China hosts a large number of special operations forces (SOF). SOF are renowned warriors worldwide. Tales of their exploits populate mass media, from video games to novels, movies and television shows. Understandably, these forms of media focus on organisations familiar to the average westerner. However, many countries field special forces, even if their employment is less noticeable than some of their mainstream contemporaries. This article looks at the publicly available information on Chinese special forces to create a comprehensive record of their history and current disposition.
1.0: The Development of Chinese SOF
Chinese history is rife with genuinely massive conflicts. For example, the Three Kingdoms period (220-280 AD) resulted in the death of 40,000,000 individuals [source]. Historians estimate that between the three largest Chinese civil wars, 170,000,000 people lost their lives [source]. World War II and the Chinese Civil War killed 22,500,000 people [source]. In the pre-modern period, China regularly fielded armies numbering in the hundreds of thousands [source]. Mass mobilisation was the primary way in which China waged its wars.
The Chinese Communist Party (CCP), following their victory over the Nationalists, reinforced this notion [source]. The People’s Liberation Army (PLA), the armed forces of the CCP, relied on “mass formations of men and equipment” to make up for the shortcomings of its industrial production [source]. This so-called “People’s War” was a hallmark of Mao Zedong’s tenure as President of the People’s Republic of China (PRC) [source]. People’s War continued as orthodoxy until the 1979 Sino-Vietnamese War [source].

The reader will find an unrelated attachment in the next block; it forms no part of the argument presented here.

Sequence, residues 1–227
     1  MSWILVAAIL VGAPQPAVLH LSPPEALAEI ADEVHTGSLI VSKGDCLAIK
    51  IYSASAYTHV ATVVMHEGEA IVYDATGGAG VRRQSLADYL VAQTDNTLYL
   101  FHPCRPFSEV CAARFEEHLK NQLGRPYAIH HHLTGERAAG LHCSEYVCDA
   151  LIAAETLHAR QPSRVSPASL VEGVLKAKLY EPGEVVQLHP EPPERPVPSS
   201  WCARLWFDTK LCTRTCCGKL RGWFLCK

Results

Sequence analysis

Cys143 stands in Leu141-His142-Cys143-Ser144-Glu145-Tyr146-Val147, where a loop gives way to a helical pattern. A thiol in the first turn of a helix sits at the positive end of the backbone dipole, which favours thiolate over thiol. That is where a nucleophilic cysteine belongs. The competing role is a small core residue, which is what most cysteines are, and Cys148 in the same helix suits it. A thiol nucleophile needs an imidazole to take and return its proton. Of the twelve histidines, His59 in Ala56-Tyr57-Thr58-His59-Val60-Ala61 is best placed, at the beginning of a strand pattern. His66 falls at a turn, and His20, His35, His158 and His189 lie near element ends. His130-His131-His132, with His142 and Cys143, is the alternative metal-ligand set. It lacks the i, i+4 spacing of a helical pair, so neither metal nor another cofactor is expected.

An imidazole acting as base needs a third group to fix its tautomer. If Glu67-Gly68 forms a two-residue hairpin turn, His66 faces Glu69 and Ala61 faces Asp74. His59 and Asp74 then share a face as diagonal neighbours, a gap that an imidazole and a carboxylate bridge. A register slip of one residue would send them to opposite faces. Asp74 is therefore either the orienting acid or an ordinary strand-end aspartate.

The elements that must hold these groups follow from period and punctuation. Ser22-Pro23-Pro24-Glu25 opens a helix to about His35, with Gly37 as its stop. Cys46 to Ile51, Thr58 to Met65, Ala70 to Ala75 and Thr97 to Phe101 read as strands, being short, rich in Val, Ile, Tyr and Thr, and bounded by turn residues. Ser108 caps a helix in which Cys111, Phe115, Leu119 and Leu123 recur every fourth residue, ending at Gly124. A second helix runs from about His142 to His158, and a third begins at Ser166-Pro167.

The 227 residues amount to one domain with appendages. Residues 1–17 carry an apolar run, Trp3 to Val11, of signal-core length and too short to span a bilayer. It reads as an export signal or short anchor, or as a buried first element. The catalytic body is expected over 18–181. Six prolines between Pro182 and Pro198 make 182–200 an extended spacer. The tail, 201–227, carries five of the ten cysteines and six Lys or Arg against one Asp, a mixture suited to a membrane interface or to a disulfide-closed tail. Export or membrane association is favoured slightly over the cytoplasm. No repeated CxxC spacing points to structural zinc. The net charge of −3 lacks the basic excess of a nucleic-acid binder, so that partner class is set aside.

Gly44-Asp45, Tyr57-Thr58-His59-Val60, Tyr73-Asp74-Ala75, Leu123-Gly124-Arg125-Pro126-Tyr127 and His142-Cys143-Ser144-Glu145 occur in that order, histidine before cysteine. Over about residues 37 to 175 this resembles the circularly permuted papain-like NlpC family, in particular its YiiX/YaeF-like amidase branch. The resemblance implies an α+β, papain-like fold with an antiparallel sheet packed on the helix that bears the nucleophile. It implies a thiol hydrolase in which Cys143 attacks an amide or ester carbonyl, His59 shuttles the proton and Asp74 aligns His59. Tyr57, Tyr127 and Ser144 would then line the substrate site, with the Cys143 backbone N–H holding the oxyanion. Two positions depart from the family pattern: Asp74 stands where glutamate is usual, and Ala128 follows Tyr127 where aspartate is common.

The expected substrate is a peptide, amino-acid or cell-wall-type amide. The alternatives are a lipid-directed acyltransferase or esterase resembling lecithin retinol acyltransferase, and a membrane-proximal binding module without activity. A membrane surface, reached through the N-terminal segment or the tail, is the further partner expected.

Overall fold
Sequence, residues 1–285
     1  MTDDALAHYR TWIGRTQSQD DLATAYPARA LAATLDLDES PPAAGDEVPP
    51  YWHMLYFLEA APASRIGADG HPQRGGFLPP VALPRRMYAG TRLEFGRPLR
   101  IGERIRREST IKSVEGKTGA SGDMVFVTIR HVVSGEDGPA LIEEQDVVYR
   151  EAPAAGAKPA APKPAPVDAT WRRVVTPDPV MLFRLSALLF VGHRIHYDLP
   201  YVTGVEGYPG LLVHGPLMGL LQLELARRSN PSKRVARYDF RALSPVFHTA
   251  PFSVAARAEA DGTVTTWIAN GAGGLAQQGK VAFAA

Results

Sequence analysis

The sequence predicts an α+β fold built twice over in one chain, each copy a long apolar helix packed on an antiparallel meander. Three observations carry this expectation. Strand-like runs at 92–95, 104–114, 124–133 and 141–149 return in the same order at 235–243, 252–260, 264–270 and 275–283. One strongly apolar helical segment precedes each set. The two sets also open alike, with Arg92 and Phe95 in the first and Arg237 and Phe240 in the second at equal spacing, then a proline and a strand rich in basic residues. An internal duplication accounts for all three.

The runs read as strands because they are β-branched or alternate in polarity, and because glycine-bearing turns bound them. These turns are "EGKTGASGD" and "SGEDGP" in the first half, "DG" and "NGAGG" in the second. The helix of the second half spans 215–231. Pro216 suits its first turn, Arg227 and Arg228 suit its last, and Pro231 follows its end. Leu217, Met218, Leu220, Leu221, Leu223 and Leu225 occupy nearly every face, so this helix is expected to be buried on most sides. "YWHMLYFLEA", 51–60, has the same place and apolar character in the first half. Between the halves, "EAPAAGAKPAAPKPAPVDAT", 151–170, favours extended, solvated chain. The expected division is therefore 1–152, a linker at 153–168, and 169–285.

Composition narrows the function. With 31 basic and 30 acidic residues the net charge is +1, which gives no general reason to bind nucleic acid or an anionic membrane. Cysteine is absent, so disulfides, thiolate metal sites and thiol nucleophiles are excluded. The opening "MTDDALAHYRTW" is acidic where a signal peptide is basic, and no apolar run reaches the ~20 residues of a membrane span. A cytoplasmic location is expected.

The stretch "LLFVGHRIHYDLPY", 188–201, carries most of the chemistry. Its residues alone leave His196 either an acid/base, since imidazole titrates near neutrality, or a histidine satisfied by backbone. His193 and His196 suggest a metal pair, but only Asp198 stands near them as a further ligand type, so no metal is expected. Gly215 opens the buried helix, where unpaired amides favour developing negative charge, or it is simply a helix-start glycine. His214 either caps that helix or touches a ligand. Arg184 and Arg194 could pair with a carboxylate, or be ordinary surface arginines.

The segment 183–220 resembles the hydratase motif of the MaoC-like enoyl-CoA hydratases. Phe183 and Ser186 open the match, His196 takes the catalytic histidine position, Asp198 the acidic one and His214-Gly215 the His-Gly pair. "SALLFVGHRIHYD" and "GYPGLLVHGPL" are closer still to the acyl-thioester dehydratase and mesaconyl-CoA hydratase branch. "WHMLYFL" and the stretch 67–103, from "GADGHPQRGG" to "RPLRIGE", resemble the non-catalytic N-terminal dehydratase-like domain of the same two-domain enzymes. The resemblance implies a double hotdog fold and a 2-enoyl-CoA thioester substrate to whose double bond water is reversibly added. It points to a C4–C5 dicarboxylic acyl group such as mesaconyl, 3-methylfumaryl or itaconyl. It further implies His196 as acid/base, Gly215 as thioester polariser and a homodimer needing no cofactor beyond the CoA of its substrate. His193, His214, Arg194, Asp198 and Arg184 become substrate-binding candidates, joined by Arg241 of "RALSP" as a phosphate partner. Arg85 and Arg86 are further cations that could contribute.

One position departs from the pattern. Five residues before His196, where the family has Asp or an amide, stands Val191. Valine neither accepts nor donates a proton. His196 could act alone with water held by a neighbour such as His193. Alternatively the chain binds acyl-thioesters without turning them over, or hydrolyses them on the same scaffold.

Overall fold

1.1: The Sino-Vietnamese War (1979)
On the morning of 17 February 1979, China initiated a war with Vietnam that would last just under a month [source]. Chinese casualties numbered 30,000 dead and 35,000 wounded, with similar Vietnamese numbers [source]. The cost of the conflict came as an unwelcome shock to PLA officers [source]. Vietnamese forces funnelled PLA soldiers into kill zones and promptly annihilated them en mass [source]. Though the conflict ended in a status quo ante Bellum, reforms to PLA doctrine and conduct were desperately needed [source].